LAC confirms that disciplinary charges are not criminal charges
Employers’ disciplinary processes and procedures are often steeped in formalism and contain elements of a criminal prosecution. Procedures such as these are not what is envisaged by the Labour Relations Act 66 of 1995, as amended (“the LRA”). One of the fundamental changes that was brought about by the LRA was that disciplinary enquiries would move away from a criminal model and instead adopt a less formalistic approach.
This is clear from the well-known judgment of Avril Elizabeth Home for the Mentally Handicapped v Commission for Conciliation, Mediation & Arbitration & others (2006) 27 ILJ 1644 (LC) where the Labour Court found that the LRA contemplates an informal, expeditious disciplinary process requiring, in essence, nothing more than a dialogue and an opportunity for reflection before a decision is taken to dismiss an employee.
Despite this, employers have been slow to adopt less rigid disciplinary procedures and the formulation of disciplinary charges in particular has retained its criminal law character. The content of the charges contained in the charge sheet became the bone of contention in EOH Abantu (Pty) Ltd v Commission for Conciliation, Mediation and Arbitration and 2 Others (JA4/18) (LAC).
In this case, Danney (“the employee”) was employed by EOH Abantu (Pty) Ltd (“the employer”) in September 2010 and was required to perform payroll administration services to one of the employer’s clients, being Wesbank. On 20 June 2011, the employee’s girlfriend asked him to assist her with the installation of Microsoft Office on her mother’s personal computer. The employee acceded to this request and sent beta keys (a type of software activation key used to activate pre-released software) to his girlfriend’s mother.
On 10 August 2011, the employee’s girlfriend asked the employee to send the beta keys again, as her mother was unable to find the email containing the beta keys. The employee, instead of forwarding the email of 20 June 2011, obtained a volume licence key (a key which is used to activate a software product on multiple computers) from the employer’s server and provided this to his girlfriend’s mother.
When the email of 10 August 2011 was picked up by internal forensic investigators, the employee denied ever sending out a volume licence key and insisted that he believed that he had sent a beta key to his girlfriend’s mother. Whilst conducting a review of his emails, it was discovered that the employee had, in fact emailed a volume licence key. The employee was subsequently charged with dishonesty and breach of Wesbank’s confidentiality agreements. The chairperson of the disciplinary enquiry found that the employer was unable to prove dishonesty but found the employee to have been grossly negligent and he was dismissed on this basis.
At the Commission for Conciliation, Mediation and Arbitration, the Commissioner found the dismissal to be substantively unfair as the employee had been found guilty and dismissed for gross negligence – something he had not been charged with. In relation to the charges, the Commissioner found that the employer was bound by the choices that it had made at the time that the employee was charged and that the employee could not be found guilty of an offence which he had not been charged with.
The employer approached the Labour Court to review the arbitration award. The Labour Court dismissed the application for review, finding that the employer had not been able to prove dishonesty and, on that basis, the employee’s dismissal was unfair. The employee’s dismissal was found to be substantively unfair and he was awarded 10 months’ remuneration as compensation.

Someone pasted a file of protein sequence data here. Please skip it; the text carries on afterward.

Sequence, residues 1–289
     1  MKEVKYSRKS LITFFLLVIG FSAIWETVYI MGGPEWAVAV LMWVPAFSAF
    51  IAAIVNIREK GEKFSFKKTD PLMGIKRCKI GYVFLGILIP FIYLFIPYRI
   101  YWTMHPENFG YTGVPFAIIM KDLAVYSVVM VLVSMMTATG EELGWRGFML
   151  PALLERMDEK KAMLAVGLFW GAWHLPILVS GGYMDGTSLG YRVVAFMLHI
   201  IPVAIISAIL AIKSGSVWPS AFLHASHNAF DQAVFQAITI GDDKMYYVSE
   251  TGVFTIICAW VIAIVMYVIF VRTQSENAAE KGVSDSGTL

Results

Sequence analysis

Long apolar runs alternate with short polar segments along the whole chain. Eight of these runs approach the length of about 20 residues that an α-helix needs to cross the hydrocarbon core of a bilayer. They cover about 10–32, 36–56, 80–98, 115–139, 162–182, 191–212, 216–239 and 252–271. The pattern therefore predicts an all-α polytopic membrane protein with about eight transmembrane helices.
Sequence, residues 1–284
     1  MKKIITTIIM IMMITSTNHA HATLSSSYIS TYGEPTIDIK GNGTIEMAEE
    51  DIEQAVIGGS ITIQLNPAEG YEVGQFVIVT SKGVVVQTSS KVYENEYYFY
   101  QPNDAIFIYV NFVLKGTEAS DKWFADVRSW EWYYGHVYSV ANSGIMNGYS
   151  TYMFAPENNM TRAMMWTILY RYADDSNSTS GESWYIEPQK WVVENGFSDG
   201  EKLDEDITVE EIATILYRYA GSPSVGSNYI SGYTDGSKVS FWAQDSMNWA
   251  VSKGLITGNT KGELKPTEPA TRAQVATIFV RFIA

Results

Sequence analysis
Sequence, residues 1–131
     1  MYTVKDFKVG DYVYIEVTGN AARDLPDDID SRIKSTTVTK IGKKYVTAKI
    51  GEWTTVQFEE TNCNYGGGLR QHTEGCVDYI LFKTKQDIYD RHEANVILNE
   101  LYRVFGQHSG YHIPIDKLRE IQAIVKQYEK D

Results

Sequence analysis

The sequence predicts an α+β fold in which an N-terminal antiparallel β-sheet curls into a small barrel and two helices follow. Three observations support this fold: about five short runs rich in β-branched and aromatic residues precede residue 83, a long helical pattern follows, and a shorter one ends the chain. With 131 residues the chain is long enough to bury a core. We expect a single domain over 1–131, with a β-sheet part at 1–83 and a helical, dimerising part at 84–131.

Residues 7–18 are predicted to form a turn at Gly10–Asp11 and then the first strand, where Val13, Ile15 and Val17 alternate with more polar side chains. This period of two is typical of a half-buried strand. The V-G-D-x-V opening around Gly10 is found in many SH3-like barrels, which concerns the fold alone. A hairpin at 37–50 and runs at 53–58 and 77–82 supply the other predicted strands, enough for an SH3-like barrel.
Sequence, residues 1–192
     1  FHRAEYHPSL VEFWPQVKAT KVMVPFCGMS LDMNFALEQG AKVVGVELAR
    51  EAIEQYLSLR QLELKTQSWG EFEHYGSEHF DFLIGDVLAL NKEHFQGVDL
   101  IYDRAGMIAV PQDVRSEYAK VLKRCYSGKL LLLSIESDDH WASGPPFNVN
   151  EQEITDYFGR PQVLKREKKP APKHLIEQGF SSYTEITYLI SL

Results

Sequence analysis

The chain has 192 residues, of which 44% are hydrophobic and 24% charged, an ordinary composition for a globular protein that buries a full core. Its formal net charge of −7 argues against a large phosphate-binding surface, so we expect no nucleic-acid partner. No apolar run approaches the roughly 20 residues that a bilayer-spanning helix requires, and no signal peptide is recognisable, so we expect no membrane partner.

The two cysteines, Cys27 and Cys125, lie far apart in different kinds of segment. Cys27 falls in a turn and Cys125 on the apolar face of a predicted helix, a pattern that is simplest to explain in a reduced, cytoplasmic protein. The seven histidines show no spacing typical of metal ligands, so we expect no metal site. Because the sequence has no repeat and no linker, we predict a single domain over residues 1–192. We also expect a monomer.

Dissatisfied with this outcome, the employer appealed to the Labour Appeal Court (“the LAC”). The Labour Appeal Court found that the Commissioner and the Labour Court had not considered gross negligence and negligence to be ‘competent verdicts’ in respect of the employee’s misconduct.
The LAC confirmed that disciplinary charges need not be drafted with the precision of a criminal charge sheet and added that Courts and arbitrators should not adopt an approach which is too formalistic or technical.
In considering the misconduct as it related to the disciplinary charges, the test to be used is one of prejudice. The test for prejudice in the circumstances is whether the employee would have conducted their defence differently had they known of the possibility of a ‘competent verdict’ to the charges. In other words, would the employee have conducted his defence differently had he known that even if the employer could not prove dishonesty, he could still be dismissed for gross negligence?
The employee submitted that his evidence would have been led differently had he known that negligence was a competent verdict in the circumstances. He however failed to identify what that evidence would have been.
On the facts, the Court found that the employee had failed to exercise the required standard of care which had the potential to cause reputational harm to the employer in that Wesbank could assume that its intellectual property was in safe hands with the employer.
The employee’s denial of negligence, his seniority and the potential damage that his conduct could have caused all contributed to a finding that the employer was justified in finding that it had lost trust in the employee and in the continuation of the employment relationship.
This judgment by the LAC has once again confirmed the understanding set out in Avril Elizabeth that disciplinary processes should not adopt an overly formalistic or legalistic character. Employers should review their disciplinary codes and procedures to adopt less rigid procedures as this would result in expediting disciplinary processes and thus reducing the costs associated with it.